Seeking & Saving

Seeking the Lost in Kenya“Today salvation has come to this house, because he also is a son of Abraham. For the Son of Man has come to seek and to save what was lost.” (Lk. 19:9-10)

Zacchaeus was a creative thinker… you might call him a “person of initiative”. He wanted to see Jesus; so going up the road a bit ahead of where Jesus would pass, he climbs up into a common sycamore tree and waits. I wonder if Zacchaeus lived his life this way? In order to compensate for people’s hatred, would he anticipate the places where they would need him or his money? Perhaps money was the only thing in his life that people even saw of value to him… or about him. As a rich tax collector, he had no shortage of enemies. Some would find his creative leanings more manipulation than honest interest. But somehow this seemed different. Perhaps his need for love was getting the best of him? We do not know, but I wonder…

So Jesus sees this little man in the tree. Instead of passing him by, ignoring him, turning a cold shoulder or just laughing at him, Jesus stops and calls him by name – a name which means “pure”. Jesus says, “Get down from that ridiculous perch, and take Me home with you. I would like to go to your house today for supper!”

Keys to Seeking & Saving the Lost:

  1. Seeing Brokenness as an Open Door
  2. The Anointing of the Holy Spirit
  3. The Will to Eat Together

Brokenness is not always easy to focus upon. Yet, its hard to miss in this story of Jesus going to the home of Zacchaeus… his deepest issue is “brokenness”. Brokenness takes many forms, but it is the most visible effect of being a “sinner”. It can look like anger and rage, or bad attitudes that protect our emotions or it can look like endless searching, longing for love and embrace. But no matter what form brokenness takes it is always an open door to the hungry heart.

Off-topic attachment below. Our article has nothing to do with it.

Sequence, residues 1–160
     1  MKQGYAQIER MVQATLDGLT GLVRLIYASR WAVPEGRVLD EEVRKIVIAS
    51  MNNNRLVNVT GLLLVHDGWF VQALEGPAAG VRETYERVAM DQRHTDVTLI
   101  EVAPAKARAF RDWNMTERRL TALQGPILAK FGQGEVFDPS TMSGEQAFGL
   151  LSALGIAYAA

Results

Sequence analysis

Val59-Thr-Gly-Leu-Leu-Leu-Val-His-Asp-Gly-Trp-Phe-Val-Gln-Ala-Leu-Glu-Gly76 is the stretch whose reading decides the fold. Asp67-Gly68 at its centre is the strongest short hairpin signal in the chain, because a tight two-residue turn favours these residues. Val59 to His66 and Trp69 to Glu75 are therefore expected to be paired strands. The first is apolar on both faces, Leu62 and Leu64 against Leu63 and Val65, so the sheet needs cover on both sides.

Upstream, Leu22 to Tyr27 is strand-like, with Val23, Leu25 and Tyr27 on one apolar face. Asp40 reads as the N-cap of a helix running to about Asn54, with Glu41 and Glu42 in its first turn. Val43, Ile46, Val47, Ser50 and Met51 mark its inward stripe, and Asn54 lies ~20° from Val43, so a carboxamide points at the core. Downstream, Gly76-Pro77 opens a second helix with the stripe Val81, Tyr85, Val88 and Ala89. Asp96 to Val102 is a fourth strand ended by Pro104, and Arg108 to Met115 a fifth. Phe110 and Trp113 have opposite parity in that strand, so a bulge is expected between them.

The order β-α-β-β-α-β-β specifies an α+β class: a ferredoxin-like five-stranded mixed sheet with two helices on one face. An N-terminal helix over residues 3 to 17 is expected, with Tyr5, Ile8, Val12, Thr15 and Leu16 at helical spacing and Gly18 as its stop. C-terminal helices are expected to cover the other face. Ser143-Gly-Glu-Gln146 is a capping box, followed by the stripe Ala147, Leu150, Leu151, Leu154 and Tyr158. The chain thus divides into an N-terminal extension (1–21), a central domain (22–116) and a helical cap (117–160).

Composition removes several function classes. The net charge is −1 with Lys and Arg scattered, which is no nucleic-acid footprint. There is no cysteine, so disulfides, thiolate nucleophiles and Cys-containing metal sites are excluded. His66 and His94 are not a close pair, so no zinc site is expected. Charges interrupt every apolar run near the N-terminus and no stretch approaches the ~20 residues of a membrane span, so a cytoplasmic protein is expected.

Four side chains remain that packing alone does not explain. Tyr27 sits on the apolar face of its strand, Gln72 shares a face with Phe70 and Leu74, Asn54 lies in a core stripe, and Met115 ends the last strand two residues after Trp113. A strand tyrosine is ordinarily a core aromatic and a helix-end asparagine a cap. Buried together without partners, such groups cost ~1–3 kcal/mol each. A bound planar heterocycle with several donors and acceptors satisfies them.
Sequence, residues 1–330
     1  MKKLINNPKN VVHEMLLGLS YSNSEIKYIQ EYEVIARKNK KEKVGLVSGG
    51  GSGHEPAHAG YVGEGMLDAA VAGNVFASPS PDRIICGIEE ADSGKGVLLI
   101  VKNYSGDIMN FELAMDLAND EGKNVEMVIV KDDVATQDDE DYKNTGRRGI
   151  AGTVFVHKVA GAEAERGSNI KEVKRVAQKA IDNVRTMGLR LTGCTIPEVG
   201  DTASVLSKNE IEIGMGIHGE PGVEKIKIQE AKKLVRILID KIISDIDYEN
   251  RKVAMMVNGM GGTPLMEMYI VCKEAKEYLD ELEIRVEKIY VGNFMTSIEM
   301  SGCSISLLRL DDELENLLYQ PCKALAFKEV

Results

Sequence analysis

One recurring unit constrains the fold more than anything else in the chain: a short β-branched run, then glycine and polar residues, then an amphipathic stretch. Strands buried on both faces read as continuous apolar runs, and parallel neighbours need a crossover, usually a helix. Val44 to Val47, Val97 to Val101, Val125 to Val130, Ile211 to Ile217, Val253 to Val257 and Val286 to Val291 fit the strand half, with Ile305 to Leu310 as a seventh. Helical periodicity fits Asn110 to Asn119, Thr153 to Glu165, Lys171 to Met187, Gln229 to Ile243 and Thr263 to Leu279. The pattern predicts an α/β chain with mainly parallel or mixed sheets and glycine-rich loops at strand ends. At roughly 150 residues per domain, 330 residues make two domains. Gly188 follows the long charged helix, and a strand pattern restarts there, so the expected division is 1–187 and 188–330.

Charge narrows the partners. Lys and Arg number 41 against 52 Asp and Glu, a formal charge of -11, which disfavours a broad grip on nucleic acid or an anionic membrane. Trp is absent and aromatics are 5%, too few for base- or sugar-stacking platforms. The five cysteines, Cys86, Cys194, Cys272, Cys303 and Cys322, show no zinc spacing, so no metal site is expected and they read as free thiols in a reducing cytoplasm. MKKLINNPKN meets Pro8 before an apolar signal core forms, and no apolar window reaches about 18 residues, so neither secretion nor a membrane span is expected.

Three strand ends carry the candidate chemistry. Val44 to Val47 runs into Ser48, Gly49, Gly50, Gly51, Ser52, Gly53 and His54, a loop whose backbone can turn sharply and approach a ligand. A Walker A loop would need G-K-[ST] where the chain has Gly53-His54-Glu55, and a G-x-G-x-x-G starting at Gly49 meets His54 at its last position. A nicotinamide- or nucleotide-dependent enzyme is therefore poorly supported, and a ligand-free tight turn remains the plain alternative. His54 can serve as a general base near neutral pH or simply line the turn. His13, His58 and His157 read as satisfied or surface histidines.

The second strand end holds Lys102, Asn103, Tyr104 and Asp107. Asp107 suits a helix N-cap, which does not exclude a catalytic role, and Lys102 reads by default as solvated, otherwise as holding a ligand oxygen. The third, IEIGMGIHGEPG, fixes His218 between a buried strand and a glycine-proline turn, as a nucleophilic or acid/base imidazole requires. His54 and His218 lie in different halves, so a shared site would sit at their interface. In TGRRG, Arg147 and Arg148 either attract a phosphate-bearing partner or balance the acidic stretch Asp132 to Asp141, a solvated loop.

The Holy Spirit had anointed Jesus with a message and ministry that would “heal the brokenhearted” and bring “deliverance to the captive” (Lk. 4:18). His ability to walk into people’s lives was undeniable! He was anointed for this, and whenever Jesus spoke into the broken heart with His love; “lost-ness” was dissolved. Yet, Jesus still needed to be willing… willing to go where He might find others accusing Him of association with the sinner. He knew that beyond the point of association was connection and the common meal. Jesus said, “I must go to your house for supper”.

Reaching the Lost:

The lifestyle that reaches the lost around us requires intentional discipline. We must notice other people’s pain and brokenness, because it is an open door to their heart. We must rest on our anointing; as Jesus did, and trust God for words and power that will turn opportunities into testimonies. The Holy Spirit has always surprised me in these moments, when I find myself sharing with someone who is in a season of transition or struggle. I rarely have thought out how the words should flow ahead of time, but the Holy Spirit gives generously when we ask for wisdom.

Lastly, we must be willing to “eat with sinners” as Jesus was accused of doing when He went to several tax collector’s homes. Remember His disciple Matthew was one of those “sinners” that Jesus found through eating with him. Meals are amazing moments, because they bring us together in ways that nourish more than our bodies. Time spent around a meal turns conversation into fellowship and becomes a fire that melts away the impure motives or the apprehensions of the broken heart.

What Jesus models for us with Zacchaeus, needs to become our daily experience in the marketplace… and throughout the nations.

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